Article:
Amedee Gordini

Date of birth: June 23 1899 Bassano, Italy

Date of death: May 25 1979 Paris, France

Amedee Gordini was born in a village near Bologna and at the age of eight was captivated by automobiles when he saw his first motor race. He began working in a garage at the age of 11 and later joined a Fiat dealership in Bologna and came under the guidance of Eduardo Weber, who would later make his name as a carburetor manufacturer. At 14 he moved to Isotta-Fraschini where he worked with Alfieri Maserati and after serving in the Italian infantry in World War I he returned to Isotta-Fraschini and built his first car, using Isotta-Fraschini parts and an old Bianchi engine. After that he moved to Mantua and there began a tuning business for Hispano-Suiza engines before going on holiday to Paris in the early 1920s and deciding that he would like to stay. To begin with he worked for a company which specialised in repairing Hispano-Suizas but in 1925 he set up his own business in Suresnes, close to Henri-Theodore Pigozzi's Fiat assembly plant. He began to modify and tune Fiats and in 1934, when Pigozzi began to build Fiat copies under the Simca name, he began to tune Simca engines. His first successes came that year with victory in Bol d'Or at Saint-Germain and this was followed by many other class victories including the Index of Performance at Le Mans in 1938 and 1939.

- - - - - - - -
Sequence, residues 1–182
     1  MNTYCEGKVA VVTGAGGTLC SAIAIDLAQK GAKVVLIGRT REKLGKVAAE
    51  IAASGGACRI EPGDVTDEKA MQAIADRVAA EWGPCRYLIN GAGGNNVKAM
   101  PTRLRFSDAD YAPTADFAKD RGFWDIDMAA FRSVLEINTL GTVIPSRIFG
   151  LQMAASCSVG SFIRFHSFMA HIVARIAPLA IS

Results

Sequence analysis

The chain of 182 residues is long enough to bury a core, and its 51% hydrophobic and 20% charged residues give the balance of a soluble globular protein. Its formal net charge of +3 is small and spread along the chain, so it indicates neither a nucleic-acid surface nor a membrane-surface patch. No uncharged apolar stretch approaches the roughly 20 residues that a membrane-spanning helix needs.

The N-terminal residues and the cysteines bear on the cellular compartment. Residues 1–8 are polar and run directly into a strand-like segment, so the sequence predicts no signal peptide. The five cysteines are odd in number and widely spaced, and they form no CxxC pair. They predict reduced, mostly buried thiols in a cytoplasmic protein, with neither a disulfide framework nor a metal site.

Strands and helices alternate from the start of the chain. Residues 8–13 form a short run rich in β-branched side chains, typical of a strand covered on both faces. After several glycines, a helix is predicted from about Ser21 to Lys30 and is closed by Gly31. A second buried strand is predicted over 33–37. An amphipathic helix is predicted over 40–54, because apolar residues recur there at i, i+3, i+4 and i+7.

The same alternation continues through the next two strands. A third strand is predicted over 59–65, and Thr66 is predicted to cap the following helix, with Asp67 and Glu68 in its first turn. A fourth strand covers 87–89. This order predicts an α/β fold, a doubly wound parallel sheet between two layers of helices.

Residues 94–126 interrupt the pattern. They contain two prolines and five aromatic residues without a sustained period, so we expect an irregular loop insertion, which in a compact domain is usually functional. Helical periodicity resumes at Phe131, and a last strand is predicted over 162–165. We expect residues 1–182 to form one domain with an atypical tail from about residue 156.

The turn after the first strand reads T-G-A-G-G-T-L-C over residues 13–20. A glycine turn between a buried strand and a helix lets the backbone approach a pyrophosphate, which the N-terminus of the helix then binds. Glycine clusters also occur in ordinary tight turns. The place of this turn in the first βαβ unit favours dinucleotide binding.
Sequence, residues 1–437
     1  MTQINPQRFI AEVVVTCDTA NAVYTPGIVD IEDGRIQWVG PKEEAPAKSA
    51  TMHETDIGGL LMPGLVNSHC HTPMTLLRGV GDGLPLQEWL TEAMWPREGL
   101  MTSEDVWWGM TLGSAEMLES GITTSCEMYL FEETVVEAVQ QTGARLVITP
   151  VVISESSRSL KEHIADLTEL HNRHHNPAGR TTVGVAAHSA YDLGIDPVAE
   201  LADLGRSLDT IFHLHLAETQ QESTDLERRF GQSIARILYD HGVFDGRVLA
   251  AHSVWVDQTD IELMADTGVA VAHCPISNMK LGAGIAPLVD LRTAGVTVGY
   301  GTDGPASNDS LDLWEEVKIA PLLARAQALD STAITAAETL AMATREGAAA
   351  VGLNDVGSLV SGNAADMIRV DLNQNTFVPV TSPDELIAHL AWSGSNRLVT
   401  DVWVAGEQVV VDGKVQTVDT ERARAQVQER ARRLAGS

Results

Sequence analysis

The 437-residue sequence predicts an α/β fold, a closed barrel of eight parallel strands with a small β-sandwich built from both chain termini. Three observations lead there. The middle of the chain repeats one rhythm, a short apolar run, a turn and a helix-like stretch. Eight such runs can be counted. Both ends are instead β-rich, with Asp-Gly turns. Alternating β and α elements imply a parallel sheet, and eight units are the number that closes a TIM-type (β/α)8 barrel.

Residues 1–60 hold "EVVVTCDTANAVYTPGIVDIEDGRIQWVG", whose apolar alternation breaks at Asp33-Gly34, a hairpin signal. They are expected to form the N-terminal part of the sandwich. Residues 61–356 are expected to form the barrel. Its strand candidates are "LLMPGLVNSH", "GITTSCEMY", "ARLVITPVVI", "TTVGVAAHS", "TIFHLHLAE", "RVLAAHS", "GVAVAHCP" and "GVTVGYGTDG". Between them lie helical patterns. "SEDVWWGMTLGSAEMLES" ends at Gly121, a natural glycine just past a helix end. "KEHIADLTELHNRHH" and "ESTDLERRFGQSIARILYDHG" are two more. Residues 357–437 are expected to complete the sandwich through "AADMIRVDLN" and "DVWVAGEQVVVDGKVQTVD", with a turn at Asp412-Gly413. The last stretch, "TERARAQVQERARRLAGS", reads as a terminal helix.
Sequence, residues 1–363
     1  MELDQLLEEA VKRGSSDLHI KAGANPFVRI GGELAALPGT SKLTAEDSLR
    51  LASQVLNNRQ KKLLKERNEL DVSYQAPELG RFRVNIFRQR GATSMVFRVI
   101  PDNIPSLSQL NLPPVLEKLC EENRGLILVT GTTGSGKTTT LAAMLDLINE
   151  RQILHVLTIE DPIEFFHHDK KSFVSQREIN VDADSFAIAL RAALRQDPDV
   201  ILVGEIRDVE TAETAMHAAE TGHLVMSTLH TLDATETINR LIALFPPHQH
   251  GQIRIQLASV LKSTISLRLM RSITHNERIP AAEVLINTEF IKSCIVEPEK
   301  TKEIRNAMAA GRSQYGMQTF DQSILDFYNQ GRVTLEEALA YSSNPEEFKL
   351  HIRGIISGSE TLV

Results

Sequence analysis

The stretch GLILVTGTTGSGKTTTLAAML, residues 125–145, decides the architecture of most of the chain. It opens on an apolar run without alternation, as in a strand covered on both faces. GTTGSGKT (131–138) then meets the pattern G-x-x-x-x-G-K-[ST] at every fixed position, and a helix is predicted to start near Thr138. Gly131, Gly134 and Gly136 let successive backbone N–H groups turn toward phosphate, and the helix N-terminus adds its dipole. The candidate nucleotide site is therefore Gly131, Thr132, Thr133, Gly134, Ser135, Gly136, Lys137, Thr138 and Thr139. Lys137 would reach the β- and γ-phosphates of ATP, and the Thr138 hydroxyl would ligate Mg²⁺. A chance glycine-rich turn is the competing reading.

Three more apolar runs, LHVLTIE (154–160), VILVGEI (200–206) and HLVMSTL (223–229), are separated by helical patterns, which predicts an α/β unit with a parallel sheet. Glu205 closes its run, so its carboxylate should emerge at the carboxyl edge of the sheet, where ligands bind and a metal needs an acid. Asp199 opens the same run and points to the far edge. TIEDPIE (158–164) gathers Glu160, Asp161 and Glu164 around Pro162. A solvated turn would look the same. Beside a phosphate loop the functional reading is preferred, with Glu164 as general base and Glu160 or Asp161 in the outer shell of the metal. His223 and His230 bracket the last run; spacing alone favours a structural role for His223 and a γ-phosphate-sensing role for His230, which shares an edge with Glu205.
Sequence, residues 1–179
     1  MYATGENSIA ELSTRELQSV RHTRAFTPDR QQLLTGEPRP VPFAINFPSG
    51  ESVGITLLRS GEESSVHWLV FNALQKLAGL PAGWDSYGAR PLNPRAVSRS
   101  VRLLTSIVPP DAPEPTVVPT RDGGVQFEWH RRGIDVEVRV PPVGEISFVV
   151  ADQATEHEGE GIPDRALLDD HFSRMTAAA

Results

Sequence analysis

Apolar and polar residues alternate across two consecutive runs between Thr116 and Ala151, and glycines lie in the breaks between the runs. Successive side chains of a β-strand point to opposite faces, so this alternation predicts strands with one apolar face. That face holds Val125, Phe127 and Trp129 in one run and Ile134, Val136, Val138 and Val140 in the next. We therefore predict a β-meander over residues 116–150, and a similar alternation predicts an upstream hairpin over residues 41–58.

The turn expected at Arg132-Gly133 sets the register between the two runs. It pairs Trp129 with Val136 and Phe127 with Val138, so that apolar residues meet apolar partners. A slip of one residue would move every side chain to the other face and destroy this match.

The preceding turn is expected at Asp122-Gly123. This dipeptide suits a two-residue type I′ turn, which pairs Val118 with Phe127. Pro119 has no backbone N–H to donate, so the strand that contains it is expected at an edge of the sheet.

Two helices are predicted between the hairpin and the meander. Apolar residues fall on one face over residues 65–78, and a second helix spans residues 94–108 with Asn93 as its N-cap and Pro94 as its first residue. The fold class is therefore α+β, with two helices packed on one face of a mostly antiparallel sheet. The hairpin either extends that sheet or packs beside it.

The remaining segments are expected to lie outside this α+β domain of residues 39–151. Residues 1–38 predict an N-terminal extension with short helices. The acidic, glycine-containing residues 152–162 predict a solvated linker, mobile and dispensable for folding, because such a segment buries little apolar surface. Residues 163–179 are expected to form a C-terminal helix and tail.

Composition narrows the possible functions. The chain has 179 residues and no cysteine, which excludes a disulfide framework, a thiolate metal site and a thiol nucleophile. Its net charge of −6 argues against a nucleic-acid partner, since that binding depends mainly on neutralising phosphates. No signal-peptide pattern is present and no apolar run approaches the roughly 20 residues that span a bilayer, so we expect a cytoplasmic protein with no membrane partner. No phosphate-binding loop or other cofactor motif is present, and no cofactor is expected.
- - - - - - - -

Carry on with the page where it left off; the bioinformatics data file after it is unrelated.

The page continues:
In September 1945 Gordini became the first man to win a post-war event when he triumphed in the Robert Benoist Cup in the Bois de Boulogne. He moved his operations to the Boulevard Victor and built his first proper racing cars and in 1946 scored an important win in the Grand Prix de Marseille and in the years that followed as he developed the cars the Simca-Gordini team became a force to be reckoned with, notably with Jean-Pierre Wimille at the wheel.

Alas Wimille was killed racing a Simca-Gordini in Argentina in January 1949 and although Gordini stretched his engines and supercharged them for the new Formula 1 in 1950 he was always struggling to compete with the Italians. He built new engines for the World Championship in 1952, the year in which Jean Behra scored Simca-Gordini's most famous victory at Reims but Simca's support of the programme waned as available money was used to invest in production to meet the huge demand for small cars.

In 1953 the man who was nicknamed "The Sorcerer" was recognised by France with his appointment as a Chevalier de la Legion d'Honneur.

In 1956 Simca stopped all support for Gordini but Renault came to his rescue and asked Gordini to develop the Dauphine into a competitive rally car. Gordini closed down the workshops in the Boulevard Victor and joined Renault. In th years that followed he developed the Renault 8 for racing and helped Alpine with its efforts at Le Mans.

At the end of 1968 the Gordini company was merged into Renault and the following year moved to the Usine Amedee Gordini at Viry-Chatillon, which eventually became the headquarters of Renault Sport. Many of Gordini's young engineers went on to play important roles in the Renault F1 programme.